Preschool>= Lesson Status ?
Kindergarten>= Lesson Status ?
Elementary>= Lesson Status ?
Grade 1 Support and Resistance Levels
Grade 2 Japanese Candlesticks
Grade 3 Fibonacci
Grade 4 Moving Averages
Grade 5 Common Chart Indicators
Middle School>= Lesson Status ?
Grade 7 Important Chart Patterns
Grade 8 Pivot Points
Summer School>= Lesson Status ?
High School>= Lesson Status ?
Grade 9 Trading Divergences
Grade 10 Market Environment
Grade 11 Trading Breakouts and Fakeouts
Grade 12 Fundamental Analysis
Grade 13 Currency Crosses
- What is a Currency Cross Pair?
- Crosses Present More Trading Opportunities
- Cleaner Trends and Ranges
- Taking Advantage of Interest Rate Differential
- Obscure Crosses
- Planning Around News and Fundamentals
- Creating Synthetic Pairs
- Euro and Yen Crosses
- How to Use Crosses to Trade the Majors
- How Cross Currency Pairs Affect Dollar Pairs
- Summary: Currency Crosses
Grade 14 Multiple Time Frame Analysis
Undergraduate>= Lesson Status ?
- Why Keep a Trade Journal?
- Benefits of Keeping a Journal
- What Should You Record in Your Journal?
- Potential Trading Area
- Entry Trigger
- Position Sizing
- Trade Management Rules
- Trade Retrospective
- Trading Journal Statistics
- Reviewing Your Trading Journal
- Difficulties of Keeping a Trade Journal
- Summary: Keeping a Trade Journal
Graduation>= Lesson Status ?
- Which Trading Style is Best for You?
- Which Currencies Should You Trade?
- What is Your Level of Trading Experience?
- Should You Be a Discretionary, Mechanical, or Hybrid Trader?
- What Kind of Mechanical System Suits Your Personality?
- What is Your Attitude Towards Risk?
- What Kind of Stop Suits Your Trading Style?
Stick to the Plan
A trading plan is only effective if it's followed. You have to stick to it. It sounds simple to do. It is really just common sense but most traders still can't do it. Why, oh, why?
Trader incompatibility. A trading plan should be a personalized plan for you, a plan that fits your own goals, risk tolerances, and individual lifestyle. You must develop each component on an individual basis, never losing sight of the fact that it must be custom tailored to YOU and YOUR needs.
Not your girlfriend's. Not your boyfriend's. Not your basketball coach's. Not even Ronald, your weirdo best friend whose head is shaped like a hamburger who likes to wear pink polka dot pants and is an aspiring rapper.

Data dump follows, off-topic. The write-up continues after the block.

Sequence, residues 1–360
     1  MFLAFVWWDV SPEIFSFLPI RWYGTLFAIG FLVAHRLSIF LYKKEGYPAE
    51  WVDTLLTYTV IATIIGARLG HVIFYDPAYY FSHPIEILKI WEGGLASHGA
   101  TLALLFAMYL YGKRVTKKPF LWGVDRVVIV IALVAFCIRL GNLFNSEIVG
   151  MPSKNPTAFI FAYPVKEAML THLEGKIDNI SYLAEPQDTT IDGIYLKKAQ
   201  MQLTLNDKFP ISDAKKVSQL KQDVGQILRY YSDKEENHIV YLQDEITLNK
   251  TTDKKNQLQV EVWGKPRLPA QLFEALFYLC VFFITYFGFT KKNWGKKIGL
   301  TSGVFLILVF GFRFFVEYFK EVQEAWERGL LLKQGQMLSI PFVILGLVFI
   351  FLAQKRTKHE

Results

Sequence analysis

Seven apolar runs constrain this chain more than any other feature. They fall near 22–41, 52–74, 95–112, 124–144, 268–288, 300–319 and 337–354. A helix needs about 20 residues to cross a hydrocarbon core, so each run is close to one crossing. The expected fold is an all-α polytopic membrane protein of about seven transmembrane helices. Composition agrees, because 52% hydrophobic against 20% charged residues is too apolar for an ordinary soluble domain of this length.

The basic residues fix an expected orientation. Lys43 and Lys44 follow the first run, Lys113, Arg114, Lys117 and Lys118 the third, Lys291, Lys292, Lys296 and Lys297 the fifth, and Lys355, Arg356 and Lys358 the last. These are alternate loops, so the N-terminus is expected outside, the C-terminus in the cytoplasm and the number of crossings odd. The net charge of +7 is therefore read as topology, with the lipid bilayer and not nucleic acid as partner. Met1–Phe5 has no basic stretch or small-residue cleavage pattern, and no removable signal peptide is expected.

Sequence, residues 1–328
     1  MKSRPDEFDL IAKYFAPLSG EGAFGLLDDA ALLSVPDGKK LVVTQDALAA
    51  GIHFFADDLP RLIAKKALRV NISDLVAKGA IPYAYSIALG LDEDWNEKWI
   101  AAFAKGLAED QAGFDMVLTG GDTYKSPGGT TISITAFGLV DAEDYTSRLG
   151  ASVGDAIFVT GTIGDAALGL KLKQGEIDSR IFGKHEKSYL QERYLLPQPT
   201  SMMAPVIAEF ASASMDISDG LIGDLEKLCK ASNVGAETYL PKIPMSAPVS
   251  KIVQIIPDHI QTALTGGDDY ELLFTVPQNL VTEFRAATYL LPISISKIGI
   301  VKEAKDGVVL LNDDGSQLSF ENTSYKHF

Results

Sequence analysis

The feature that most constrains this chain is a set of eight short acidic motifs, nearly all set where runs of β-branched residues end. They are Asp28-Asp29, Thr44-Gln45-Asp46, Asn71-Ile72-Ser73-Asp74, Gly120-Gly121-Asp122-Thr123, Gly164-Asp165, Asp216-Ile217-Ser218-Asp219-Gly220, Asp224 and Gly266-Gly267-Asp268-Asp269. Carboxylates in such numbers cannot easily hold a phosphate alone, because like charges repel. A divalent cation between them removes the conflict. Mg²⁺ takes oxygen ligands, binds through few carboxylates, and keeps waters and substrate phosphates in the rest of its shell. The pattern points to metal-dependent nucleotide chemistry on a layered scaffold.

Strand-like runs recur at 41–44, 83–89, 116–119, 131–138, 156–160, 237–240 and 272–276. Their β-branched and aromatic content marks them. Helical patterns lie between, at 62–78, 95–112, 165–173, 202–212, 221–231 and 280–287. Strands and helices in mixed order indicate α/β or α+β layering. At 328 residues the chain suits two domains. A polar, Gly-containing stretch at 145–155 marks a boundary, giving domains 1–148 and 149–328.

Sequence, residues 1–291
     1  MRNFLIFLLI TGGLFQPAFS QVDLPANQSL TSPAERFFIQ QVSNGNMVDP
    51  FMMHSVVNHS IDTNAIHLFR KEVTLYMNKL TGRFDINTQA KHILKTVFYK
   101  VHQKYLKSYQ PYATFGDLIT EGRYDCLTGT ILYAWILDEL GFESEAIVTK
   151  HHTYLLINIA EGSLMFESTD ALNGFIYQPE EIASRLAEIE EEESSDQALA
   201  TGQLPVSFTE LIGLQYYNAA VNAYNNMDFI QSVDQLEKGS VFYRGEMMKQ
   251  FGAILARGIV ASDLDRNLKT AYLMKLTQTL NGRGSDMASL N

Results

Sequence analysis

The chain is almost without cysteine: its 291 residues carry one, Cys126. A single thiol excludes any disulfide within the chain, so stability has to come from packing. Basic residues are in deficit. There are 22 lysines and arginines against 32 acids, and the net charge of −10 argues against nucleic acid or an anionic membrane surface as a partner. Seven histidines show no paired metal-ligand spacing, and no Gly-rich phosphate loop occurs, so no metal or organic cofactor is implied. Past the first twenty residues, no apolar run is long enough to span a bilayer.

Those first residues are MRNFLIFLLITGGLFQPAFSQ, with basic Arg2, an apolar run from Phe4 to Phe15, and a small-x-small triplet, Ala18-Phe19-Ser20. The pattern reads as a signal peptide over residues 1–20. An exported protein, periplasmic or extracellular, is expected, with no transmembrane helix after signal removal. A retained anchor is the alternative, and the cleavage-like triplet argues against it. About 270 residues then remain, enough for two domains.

Your trading plan must be made based on reality, not on hope. If you're simply trying to copy somebody else's trading plan or yours is based on false assumptions, then you will not be compatible with it and will have trouble following it.
Solution: Be honest with yourself. Then revise your trading plan.
Trading plans are intended to be long-term. Many traders give up on their trading plan, or often more specifically, the trading system in the trading plan, after suffering a string of losses rather than sticking it out through the inevitable rough times.
Solution: Be patient!
No discipline: Trading according to a plan requires sticking to it through thick and thin. That takes discipline. Rock solid discipline. Traders lacking discipline do not stick to their trading plans. You need to be disciplined. Rock solid. Does it sound like we're beating a dead horse? Well, good.
Solution: Stay disciplined!
Self-destructive behavior: Some traders have deeply ingrained psychological issues that will sabotage them. This can be resolved with hard work on one's self, but the trader must be self-aware of such issues first. You can't figure out a solution if you don't know the root problem.
Solution: Look in the mirror. Hopefully you don't turn to stone.
If you're personally having trouble sticking to your trading plan, most likely it's one of the reasons above. If it is, refer to the solution below it.
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- What is a Trading Plan?
- Why Do you Need a Trading Plan?
- Justified vs. Unjustified
- Getting to Know Yourself
- Motivation and Goal Setting
- Risk Capital
- Lifestyle Considerations
- Daily Pre-Market Routine
- Weapons of Choice
- Stick to the Plan
- Summary: Developing a Trading Plan